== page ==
The regulations apply to any British undertaking with more than 50 employees which is 'carrying on an economic activity, whether or not operating for gain'. Limited companies, limited liability partnerships, sole traders, partnerships, friendly societies, mutual associations and charities are all included, if they are employers.
The government says not. But it is also encouraging all employers, irrespective of size and the nature of their activity, to inform and consult employees in a way suited to their circumstances.
To calculate how many employees you have, you need to use the average figure over 12 completed calendar months (or however many months you have been operating, if shorter).
In your case, you employ 200-plus people for 3 months in the year so the calculation is (200 x 3 = 600), plus 3 employees for 9 months (3 x 9 = 27), making 627, to be divided by 12 to reach an average monthly total of just over 52. You therefore fall within the ambit of the legislation.
For the purposes of working out how many people you employ, you may choose to count anyone contracted to work for 75 hours or less a month as half a full-time employee, for the completed months during which they worked. Otherwise, part-time workers are normally counted as full-time employees.
No action is required by law.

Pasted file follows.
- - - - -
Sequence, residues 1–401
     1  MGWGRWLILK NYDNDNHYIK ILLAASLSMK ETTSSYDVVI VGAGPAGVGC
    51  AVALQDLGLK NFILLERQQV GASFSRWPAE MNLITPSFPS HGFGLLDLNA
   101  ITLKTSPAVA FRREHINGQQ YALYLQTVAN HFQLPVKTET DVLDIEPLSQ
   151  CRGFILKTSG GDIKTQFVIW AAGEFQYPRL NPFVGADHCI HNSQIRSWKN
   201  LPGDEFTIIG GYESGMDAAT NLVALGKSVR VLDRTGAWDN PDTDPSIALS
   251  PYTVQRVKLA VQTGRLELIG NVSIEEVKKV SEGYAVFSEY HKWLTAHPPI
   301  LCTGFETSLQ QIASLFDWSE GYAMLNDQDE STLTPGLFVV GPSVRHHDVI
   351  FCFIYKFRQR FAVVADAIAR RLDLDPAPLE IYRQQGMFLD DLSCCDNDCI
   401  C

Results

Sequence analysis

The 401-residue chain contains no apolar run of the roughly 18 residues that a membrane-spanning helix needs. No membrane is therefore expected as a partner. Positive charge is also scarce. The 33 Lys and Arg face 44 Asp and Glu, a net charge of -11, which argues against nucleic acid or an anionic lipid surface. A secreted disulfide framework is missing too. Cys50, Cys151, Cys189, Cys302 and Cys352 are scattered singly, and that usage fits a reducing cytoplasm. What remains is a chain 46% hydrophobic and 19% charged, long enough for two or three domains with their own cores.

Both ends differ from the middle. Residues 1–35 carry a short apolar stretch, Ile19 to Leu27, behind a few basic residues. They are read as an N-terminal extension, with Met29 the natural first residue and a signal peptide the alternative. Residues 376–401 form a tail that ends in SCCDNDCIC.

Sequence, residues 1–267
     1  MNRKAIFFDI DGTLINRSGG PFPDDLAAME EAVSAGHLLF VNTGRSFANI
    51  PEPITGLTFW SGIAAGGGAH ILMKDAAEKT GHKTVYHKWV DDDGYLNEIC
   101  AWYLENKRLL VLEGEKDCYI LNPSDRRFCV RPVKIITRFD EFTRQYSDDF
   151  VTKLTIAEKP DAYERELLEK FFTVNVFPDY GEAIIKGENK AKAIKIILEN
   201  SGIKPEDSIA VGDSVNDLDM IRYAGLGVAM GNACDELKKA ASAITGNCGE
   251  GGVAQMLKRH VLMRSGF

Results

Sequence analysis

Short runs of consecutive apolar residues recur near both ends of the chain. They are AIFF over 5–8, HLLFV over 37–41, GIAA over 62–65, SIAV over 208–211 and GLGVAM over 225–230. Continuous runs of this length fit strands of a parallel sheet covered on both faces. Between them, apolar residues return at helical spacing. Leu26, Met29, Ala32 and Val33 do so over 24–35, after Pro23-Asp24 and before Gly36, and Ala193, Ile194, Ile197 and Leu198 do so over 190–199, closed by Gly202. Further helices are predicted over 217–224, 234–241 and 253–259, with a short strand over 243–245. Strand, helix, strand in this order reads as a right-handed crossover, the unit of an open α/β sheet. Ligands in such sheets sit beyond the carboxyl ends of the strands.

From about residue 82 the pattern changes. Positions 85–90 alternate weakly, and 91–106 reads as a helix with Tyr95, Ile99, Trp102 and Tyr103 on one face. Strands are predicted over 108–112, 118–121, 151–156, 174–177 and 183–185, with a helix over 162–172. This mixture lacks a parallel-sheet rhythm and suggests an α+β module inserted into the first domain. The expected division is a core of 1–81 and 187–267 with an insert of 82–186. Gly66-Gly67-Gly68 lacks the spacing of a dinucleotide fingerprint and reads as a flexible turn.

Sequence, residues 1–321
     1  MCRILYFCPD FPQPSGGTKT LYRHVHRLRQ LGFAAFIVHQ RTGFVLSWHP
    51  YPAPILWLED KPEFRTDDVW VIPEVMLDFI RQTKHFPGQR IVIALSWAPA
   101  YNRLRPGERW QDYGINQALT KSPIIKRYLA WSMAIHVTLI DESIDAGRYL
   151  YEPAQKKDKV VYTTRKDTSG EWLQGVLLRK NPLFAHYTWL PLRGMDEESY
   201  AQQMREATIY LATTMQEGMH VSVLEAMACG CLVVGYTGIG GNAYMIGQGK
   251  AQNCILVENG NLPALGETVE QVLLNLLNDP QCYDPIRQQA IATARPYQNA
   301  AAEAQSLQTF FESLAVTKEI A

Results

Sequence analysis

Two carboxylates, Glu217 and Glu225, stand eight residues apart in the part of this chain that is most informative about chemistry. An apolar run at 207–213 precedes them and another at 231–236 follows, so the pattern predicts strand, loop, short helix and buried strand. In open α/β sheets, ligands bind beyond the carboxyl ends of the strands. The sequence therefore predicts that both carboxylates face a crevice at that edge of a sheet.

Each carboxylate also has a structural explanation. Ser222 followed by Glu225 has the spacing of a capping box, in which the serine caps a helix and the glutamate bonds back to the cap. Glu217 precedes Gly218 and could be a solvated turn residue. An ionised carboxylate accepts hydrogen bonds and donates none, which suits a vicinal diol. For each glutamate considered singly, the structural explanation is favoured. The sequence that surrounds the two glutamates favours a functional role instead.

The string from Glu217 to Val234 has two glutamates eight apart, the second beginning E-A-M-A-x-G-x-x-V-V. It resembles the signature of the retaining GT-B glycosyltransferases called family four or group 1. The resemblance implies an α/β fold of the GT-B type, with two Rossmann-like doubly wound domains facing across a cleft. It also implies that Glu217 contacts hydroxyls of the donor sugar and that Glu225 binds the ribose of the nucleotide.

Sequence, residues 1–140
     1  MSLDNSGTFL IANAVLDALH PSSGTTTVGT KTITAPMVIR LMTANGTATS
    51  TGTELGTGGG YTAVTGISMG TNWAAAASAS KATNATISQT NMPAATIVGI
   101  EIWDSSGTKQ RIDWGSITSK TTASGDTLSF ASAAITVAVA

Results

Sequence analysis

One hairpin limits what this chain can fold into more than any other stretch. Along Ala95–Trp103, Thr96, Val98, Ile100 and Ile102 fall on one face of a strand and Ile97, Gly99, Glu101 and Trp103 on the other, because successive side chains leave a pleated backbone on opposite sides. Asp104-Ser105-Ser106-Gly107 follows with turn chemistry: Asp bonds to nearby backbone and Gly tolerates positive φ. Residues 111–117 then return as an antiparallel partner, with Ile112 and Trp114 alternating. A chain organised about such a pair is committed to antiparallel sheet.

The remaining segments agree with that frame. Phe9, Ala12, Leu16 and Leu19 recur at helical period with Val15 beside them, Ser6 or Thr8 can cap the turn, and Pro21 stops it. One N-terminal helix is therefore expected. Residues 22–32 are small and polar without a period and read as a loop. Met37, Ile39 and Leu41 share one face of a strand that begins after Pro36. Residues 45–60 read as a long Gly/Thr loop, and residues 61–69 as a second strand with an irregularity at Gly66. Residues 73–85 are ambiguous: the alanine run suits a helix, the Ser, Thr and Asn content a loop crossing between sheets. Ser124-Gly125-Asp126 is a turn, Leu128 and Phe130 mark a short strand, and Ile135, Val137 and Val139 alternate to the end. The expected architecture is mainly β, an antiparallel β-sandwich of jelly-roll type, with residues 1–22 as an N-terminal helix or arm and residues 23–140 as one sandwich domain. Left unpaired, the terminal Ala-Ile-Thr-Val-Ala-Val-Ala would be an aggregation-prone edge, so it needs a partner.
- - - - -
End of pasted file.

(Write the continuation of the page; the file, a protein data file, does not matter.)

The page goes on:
However, if you have no existing agreement for information and consultation, and 10% or more of your employees (see 11) put in a formal request for an information and consultation ('I&C') agreement, you will have to take steps to introduce such an agreement.
That 10% can be aggregated over a rolling six month period, so even if there are fewer than 10% at the first request, you may find yourself required to take steps in the end.
You might want to consider making a pre-emptive move, and initiating negotiations yourself if you think that might happen (see 7).
If you already have an effective information and consultation process which meets the requirements of the new rules (see 6), your employees may be happy to continue using that process, in which case you need do nothing. However, if 10% or more of your employees request negotiations for new arrangements, you must then either enter negotiations, or hold a ballot of your workforce to find out whether there is enough support for change from other employees. If such support exists, you will have to negotiate a new I&C agreement. If you think that may happen, there can be advantages in pre-empting the situation by initiating negotiations yourself.
Always take advice if you are required, or intend, to establish (or amend) an I&C agreement. You do not want to end up with something which employees can and will challenge because it flouts the spirit or even the letter of the law, on the one hand, or something which ties you up in knots on the other.